The repercussion of the case of Debanhi Escobar, the 18-year-old girl who appeared dead in Mexico last Thursday after missing almost 2 weeks, put to the northern state of Nuevo Leon under the spotlight.
Because, apart from the unknowns that still surround his case, his disappearance is far from being the only one.
This year, the industrial bastion of Mexico suffers a wave of unaccounted for women -especially young people between 14 and 19 years old- that provoked great citizen protests and led the state authorities to announce measures with which to calm the spirits of the population.
But understanding the context of this crisis and the reason for so many disappearances is not easy, especially in a country where 9 missing women a day, according to the latest data from the Mexican government, and from which the United Nations Committee against Forced Disappearance highlighted in its latest report that “official figures show a notable increase in the disappearance of boys and girls from the age of 12, as well as of adolescents and women.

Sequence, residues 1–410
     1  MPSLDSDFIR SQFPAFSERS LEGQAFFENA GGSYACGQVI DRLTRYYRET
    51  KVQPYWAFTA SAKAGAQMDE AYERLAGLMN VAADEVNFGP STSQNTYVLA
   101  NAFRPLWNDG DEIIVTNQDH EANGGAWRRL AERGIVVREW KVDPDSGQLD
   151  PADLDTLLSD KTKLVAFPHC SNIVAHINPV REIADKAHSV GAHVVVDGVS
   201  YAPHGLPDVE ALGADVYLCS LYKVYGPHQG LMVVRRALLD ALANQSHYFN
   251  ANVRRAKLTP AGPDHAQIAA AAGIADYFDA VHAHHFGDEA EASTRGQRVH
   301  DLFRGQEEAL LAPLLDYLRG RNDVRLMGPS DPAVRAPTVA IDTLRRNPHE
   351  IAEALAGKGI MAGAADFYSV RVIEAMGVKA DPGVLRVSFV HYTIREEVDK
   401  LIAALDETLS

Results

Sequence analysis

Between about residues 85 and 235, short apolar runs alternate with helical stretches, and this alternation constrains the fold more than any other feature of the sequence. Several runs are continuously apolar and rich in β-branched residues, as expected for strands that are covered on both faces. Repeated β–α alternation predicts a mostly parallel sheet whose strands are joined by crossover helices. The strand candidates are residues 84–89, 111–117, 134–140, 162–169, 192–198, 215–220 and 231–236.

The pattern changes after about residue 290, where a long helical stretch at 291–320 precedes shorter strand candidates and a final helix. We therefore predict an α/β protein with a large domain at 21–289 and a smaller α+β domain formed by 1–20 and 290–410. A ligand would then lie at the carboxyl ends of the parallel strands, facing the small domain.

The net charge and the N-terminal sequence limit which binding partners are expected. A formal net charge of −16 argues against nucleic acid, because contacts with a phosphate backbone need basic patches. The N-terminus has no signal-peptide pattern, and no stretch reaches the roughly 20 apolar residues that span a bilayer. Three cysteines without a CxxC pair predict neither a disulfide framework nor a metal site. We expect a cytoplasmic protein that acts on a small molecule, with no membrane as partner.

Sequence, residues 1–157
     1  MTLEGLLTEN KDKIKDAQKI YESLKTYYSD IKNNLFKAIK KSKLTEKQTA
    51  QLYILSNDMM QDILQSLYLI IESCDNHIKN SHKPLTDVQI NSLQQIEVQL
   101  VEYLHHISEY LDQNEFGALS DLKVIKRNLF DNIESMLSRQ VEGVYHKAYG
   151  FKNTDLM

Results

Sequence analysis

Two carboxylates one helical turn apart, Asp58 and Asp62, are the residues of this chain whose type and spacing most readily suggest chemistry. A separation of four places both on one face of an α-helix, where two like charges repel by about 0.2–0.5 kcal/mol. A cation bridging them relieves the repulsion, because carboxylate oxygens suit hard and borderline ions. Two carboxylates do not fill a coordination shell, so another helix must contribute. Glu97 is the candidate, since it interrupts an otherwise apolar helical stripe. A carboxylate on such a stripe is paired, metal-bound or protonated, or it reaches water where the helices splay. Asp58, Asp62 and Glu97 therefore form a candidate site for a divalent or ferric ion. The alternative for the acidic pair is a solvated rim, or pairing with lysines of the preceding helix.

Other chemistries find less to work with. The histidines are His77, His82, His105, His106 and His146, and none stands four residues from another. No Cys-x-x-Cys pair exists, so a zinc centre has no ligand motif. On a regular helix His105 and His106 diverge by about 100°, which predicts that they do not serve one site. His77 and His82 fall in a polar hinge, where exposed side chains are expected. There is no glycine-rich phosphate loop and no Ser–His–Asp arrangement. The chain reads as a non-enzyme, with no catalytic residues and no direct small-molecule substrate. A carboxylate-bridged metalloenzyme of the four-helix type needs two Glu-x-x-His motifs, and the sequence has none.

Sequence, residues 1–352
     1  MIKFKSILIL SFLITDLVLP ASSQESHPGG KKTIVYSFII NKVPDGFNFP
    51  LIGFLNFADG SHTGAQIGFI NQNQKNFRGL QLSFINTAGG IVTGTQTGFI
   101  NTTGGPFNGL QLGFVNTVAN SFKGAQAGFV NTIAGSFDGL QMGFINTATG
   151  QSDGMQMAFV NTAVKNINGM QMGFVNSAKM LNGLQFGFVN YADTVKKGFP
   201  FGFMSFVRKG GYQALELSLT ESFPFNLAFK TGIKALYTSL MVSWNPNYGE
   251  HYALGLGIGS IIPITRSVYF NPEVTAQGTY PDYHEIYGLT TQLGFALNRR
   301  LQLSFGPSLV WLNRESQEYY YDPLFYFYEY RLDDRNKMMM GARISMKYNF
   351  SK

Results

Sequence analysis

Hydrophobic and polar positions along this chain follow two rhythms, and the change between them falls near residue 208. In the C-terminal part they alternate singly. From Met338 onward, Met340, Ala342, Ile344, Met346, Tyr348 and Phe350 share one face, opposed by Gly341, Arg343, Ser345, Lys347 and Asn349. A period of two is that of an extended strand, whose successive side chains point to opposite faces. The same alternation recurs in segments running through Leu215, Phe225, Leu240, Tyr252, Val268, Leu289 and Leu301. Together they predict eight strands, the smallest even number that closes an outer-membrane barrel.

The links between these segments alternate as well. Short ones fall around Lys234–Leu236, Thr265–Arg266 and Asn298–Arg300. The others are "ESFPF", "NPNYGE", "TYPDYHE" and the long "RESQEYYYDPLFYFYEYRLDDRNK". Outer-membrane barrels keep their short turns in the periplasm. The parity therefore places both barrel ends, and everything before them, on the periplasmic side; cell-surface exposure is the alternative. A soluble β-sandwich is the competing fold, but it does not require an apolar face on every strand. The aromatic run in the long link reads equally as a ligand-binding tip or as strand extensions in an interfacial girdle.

The first alert was triggered by local media reports in Nuevo León at the beginning of April about the disappearance of 8 young women in just 10 days, the majority in the capital Monterrey and its metropolitan area.
When the death by murder of one of them was confirmed on April 9, the young Maria Fernanda Contreras27, citizen marches demanded justice and a response from the authorities to guarantee the safety of the women.
Debanhi’s case was another one that attracted great attention from society and media coverage since his disappearance that same April 9 until his death was confirmed after his body appeared in a motel cistern in circumstances that are still being investigated.
But there are many more stories of broken families in Nuevo León. According to state government figures, 327 women were reported missing in 2022 as of April 17. Of these, 33 were still unaccounted for and 5 were found dead (before Debanhi’s body was found).